NPR Staff

Jane Hirshfield is one of our country's most celebrated poets. She's been a Guggenheim fellow. The Academy of American Poets bestowed her a fellowship for her "distinguished poetic achievement," an honor shared with Robert Frost and Ezra Pound.

Oh, and she's an ordained lay practitioner of Zen.

"I'm [also] a Universal Life minister, but that was just so I could marry some friends," she laughs.

Albert "Tootie" Heath is one of the most accomplished jazz drummers of the past 60 years. The 79-year-old has played with everyone from John Coltrane to Ethan Iverson, the piano player for The Bad Plus. Iverson and bassist Ben Street join Tootie Heath for his new album, Philadelphia Beat, named for the fertile jazz city of Heath's upbringing — where, as a young man starting out, he once piloted a group consisting only of the drums and two horns.

People don't talk about psychiatrists the way they talk about neurologists, dentists or vets. In fact, there are those who call psychiatry voodoo or pseudoscience; and, to be fair, the specialty does have a history of claims and practices that are now considered weird and destructive.

Chicago's reputation for dramatic crime and corruption predates Al Capone and Prohibition — by decades. In May, 1889, Dr. P.H. Cronin, an esteemed physician, was found in a sewer. He was naked, dead, and savagely beaten.

The investigation and trial caused an international sensation, and one of the world's first media circuses, over a story that involved Irish revolutionaries and reactionaries, secret societies, and even a French spy. Or was he British? All at a time when Chicago had been burned down, and was reborn as the fast-growing city in America.

There's a certain type of supporting character that author James Hannaham has always wanted to put into the spotlight. Critics call this character the "Magical Negro" — and you may recognize him from movies or TV shows. He's someone who "has incredible abilities and has been through some kind of hardship but it's usually a little vague ..." Hannaham tells NPR's Audie Cornish. "Whenever I see that character, I want the book or the movie or the TV show to take a detour and tell me that story."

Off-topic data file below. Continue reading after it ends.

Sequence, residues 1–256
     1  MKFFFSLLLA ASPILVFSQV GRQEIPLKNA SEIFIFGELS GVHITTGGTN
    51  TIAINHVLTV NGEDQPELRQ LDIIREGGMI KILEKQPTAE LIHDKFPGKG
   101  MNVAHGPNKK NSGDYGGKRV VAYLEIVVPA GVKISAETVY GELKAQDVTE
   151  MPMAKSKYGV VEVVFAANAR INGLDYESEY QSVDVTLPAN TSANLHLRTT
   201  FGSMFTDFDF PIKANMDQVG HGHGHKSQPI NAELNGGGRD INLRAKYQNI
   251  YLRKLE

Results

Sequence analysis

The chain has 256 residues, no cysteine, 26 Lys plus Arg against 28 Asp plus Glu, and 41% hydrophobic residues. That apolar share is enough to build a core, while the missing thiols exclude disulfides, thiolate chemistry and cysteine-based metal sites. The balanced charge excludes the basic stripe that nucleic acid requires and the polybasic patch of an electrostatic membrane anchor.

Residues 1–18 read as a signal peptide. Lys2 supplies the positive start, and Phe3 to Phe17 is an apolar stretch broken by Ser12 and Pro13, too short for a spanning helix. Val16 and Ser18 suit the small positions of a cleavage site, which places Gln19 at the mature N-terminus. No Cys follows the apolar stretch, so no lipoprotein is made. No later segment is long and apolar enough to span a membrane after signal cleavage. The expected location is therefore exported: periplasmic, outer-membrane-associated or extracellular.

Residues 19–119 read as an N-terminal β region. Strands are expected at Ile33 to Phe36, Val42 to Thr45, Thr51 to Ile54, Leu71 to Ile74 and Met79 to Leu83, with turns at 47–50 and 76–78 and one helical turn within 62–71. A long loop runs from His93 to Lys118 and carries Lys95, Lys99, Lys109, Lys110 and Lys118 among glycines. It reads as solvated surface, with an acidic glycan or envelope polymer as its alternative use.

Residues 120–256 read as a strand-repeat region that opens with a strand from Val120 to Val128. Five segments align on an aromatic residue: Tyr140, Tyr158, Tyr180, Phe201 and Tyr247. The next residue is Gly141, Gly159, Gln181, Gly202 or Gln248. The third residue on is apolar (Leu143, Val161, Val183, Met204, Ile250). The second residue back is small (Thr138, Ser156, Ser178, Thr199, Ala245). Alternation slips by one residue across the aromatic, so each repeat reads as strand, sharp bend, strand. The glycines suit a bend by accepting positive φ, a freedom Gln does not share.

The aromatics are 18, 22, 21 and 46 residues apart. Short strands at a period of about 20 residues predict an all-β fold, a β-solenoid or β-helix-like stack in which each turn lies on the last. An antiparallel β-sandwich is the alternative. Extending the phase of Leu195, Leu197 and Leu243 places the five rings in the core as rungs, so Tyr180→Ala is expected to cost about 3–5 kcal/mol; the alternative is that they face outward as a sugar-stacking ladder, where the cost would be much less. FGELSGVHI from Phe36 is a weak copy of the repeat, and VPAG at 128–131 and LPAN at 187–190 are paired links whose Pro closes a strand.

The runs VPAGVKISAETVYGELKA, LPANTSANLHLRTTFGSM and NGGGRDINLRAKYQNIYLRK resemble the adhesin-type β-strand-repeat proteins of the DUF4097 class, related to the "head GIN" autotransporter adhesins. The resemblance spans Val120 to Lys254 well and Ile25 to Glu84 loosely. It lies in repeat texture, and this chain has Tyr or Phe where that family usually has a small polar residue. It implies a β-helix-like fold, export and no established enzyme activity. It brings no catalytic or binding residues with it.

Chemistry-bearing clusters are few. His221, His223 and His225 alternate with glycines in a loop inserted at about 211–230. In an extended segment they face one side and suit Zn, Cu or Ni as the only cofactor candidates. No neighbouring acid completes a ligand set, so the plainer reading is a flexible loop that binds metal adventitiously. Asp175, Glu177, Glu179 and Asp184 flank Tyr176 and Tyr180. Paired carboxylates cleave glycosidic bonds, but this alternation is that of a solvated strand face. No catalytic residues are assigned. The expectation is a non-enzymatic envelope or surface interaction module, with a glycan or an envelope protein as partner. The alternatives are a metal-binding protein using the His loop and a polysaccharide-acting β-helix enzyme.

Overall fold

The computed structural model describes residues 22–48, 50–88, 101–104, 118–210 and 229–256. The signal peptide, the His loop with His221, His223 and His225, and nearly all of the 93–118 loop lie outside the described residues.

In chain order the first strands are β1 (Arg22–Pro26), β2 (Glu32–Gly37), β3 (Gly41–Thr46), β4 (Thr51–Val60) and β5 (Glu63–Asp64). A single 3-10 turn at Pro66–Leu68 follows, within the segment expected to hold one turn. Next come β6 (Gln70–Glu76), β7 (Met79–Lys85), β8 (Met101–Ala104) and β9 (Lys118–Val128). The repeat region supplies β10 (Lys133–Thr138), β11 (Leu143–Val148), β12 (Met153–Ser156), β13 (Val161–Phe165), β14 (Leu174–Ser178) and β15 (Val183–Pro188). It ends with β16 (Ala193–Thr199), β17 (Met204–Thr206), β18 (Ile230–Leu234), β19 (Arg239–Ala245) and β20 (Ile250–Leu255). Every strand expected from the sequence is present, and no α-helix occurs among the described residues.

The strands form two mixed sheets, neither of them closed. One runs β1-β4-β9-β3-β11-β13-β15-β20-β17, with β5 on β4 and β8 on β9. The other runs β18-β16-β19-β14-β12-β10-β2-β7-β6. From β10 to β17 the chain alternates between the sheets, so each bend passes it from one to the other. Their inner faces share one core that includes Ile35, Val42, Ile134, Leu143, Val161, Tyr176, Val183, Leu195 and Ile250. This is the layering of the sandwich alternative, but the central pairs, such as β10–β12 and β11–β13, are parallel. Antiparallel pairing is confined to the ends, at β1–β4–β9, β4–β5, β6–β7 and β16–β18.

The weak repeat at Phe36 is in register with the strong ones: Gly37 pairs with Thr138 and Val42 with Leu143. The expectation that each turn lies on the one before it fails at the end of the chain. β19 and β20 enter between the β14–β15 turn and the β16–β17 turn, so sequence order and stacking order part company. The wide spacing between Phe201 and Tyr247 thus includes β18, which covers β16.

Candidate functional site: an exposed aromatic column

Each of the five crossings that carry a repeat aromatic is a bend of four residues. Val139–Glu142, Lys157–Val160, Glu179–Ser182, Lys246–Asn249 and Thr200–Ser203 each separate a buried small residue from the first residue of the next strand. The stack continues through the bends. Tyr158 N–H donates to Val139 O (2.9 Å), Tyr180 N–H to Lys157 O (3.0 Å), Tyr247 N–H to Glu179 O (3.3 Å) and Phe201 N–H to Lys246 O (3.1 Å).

Editor's Note: A version of this story originally ran in March 2010.

In the mid-19th century, Britain was an almost unchallenged empire. It controlled about a fifth of the world's surface, and yet its weakness had everything to do with tiny leaves soaked in hot water: tea. By 1800, it was easily the most popular drink among Britons.

The problem? All the tea in the world came from China, and Britain couldn't control the quality or the price. So around 1850, a group of British businessmen set out to create a tea industry in a place they did control: India.

For almost a century, explorers have searched the jungles of Honduras for a legendary lost city known as the White City, or the City of the Monkey God.

A team of explorers — including archaeologists and a documentary filmmaker — have just returned from an expedition in person, after using a new technology to search for evidence of ruins by plane.

"I think there's only one interesting story ... and that's struggle," says writer Thomas McGuane. Loners, outcasts and malcontents fill the pages of McGuane's latest book — a collection of short stories titled Crow Fair. There's a divorced dad who takes his young son out for an ill-fated day of ice fishing; A restless cattle breeder who takes a gamble on a more lucrative and dangerous line of works; A guy who abandons his blind grandmother by the side of a river to go get drunk, and chase after a corpse he's spotted floating by.

Antonio Ruiz-Camacho's new book Barefoot Dogs is billed as a collection of short stories, but it could easily be called a novel. Each piece provides a perspective on one horrific event: the abduction of the patriarch of a wealthy Mexican family by a drug gang.

Throughout the book, readers see how this affects children, grandchildren, mistresses and others, as the tragedy follows the family through exile in the United States and Europe

Pages